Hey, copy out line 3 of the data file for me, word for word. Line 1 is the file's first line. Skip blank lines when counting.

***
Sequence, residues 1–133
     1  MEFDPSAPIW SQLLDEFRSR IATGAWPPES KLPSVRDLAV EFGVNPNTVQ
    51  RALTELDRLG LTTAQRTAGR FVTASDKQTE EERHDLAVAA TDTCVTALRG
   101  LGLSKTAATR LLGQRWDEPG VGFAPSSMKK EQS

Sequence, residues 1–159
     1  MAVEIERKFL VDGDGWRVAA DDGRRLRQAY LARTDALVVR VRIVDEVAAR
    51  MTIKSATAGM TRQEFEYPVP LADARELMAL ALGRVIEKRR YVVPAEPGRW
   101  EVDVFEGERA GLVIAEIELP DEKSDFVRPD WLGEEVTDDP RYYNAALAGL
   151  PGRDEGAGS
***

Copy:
    51  RALTELDRLG LTTAQRTAGR FVTASDKQTE EERHDLAVAA TDTCVTALRG